Galaxy of Heroes is set in the distant future – a future where the human race is scattered far from Earth and under the constant threat of violence and extinction from the more powerful inhabitants of the universe. It focuses around the experiences of four main characters who share a common history and who meet again as the action unfolds.
The most memorable of these characters is easily the larger-than-life Captain Jace Spade and this is ultimately his story. He’s not completely likeable, but that makes him more realistic. The other character of note is Genie, a cyborg created to be irresistible to men. Through her, interesting questions of futuristic ethics are raised; the idea of a sentient, albeit manufactured, creature being programmed for sexual and romantic slavery is a difficult one.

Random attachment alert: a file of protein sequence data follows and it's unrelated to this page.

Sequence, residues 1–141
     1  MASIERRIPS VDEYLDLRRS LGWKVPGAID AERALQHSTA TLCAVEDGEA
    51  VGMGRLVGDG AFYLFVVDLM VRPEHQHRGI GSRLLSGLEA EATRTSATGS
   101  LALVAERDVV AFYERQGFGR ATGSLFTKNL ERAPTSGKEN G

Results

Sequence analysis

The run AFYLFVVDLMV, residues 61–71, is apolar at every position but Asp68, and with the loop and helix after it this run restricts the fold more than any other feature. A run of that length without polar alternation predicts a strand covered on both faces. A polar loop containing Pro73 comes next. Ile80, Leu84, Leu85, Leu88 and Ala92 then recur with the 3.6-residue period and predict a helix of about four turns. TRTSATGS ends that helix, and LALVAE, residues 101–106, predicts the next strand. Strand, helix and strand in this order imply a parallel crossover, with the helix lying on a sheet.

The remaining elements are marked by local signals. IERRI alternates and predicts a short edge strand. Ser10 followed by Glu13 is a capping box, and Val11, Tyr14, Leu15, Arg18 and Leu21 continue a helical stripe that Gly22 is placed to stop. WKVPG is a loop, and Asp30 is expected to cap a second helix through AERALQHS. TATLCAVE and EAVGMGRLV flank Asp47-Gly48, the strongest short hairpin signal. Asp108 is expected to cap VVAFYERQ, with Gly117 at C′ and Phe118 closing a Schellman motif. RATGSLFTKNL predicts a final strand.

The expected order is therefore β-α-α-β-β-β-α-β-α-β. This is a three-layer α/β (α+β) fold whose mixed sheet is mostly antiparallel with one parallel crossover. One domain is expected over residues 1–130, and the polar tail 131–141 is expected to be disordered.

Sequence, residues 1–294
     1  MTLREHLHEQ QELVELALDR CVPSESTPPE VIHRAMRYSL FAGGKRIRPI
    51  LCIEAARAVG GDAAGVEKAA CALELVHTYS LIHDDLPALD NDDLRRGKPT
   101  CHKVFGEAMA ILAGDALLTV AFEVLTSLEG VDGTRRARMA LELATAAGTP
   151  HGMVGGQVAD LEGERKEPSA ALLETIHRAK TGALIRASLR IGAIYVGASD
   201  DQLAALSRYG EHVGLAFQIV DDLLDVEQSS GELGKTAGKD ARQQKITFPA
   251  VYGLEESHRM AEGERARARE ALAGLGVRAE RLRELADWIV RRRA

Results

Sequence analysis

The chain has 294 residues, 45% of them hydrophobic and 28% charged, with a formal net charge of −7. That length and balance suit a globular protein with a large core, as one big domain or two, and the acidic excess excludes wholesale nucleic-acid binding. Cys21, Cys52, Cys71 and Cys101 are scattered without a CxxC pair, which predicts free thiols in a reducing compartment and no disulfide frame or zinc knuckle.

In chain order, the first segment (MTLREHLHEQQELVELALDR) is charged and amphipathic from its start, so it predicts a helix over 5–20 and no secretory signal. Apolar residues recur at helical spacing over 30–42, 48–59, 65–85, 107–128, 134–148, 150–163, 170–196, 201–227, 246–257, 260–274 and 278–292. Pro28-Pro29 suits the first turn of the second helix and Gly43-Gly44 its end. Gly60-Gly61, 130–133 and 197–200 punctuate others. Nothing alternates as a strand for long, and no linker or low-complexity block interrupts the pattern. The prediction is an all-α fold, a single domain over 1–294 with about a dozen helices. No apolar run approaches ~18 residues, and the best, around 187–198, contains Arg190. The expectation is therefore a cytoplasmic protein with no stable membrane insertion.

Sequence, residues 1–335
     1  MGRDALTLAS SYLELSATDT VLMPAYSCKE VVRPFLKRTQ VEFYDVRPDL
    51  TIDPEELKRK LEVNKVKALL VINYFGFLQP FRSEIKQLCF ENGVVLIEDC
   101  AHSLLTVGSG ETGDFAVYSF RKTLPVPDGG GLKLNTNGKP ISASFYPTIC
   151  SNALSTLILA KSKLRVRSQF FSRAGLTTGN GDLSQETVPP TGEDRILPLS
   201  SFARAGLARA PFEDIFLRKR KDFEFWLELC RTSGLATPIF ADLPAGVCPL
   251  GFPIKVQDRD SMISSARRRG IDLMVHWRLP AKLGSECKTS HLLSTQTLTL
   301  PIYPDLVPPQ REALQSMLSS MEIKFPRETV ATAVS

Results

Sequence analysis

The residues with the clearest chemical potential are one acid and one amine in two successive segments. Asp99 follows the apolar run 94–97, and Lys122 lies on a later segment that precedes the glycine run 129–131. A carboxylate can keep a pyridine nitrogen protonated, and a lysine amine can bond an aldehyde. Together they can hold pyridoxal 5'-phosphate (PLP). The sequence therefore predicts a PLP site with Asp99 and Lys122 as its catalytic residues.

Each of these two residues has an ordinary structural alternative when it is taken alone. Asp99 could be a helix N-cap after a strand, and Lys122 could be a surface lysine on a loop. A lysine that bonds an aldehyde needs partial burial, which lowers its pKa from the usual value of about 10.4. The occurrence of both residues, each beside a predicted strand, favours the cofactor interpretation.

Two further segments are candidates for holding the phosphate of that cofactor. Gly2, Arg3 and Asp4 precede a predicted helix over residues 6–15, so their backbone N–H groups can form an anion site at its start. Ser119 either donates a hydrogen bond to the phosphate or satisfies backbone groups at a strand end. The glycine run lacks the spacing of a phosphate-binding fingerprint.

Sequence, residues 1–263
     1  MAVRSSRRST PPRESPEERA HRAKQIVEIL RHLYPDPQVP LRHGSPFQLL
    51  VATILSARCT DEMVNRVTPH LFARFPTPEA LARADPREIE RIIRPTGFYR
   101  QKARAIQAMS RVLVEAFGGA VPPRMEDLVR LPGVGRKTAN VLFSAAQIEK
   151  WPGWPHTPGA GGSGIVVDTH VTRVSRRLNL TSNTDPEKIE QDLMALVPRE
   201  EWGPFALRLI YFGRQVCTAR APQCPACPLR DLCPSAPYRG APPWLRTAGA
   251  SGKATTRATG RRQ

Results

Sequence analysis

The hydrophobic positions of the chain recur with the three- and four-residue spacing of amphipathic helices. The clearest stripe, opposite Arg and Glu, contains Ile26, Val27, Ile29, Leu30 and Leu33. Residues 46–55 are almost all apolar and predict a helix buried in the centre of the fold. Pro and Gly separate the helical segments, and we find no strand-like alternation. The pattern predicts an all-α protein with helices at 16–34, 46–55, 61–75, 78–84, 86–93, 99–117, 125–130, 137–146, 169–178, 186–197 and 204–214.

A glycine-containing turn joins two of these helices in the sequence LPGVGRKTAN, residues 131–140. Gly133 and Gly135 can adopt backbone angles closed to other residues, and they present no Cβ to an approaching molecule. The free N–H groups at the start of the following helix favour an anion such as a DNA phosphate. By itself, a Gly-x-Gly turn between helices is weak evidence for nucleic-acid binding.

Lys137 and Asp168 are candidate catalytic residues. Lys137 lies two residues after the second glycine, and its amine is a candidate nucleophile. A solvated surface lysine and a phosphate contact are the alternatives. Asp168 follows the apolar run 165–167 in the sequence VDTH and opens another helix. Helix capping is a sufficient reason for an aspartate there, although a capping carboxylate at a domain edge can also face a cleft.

In the end, however, the strong point of this novel is the story itself. Flory is not the most elegant of writers, and there are places where a little further editing could have improved the flow of the writing and reduced unnecessary repetition, but there is no question that he can tell a gripping tale. Galaxy of Heroes is almost solid action from start to finish, and there was no point at which I felt bored by what I was reading. The universe that is created within this book’s pages is clever and well fleshed out, and the descriptions of battle are excellent.
I hope Flory goes on to write more – perhaps even more in this very universe. I, for one, would be glad to read it.
(I received a copy of this book from the author in exchange for an honest review.)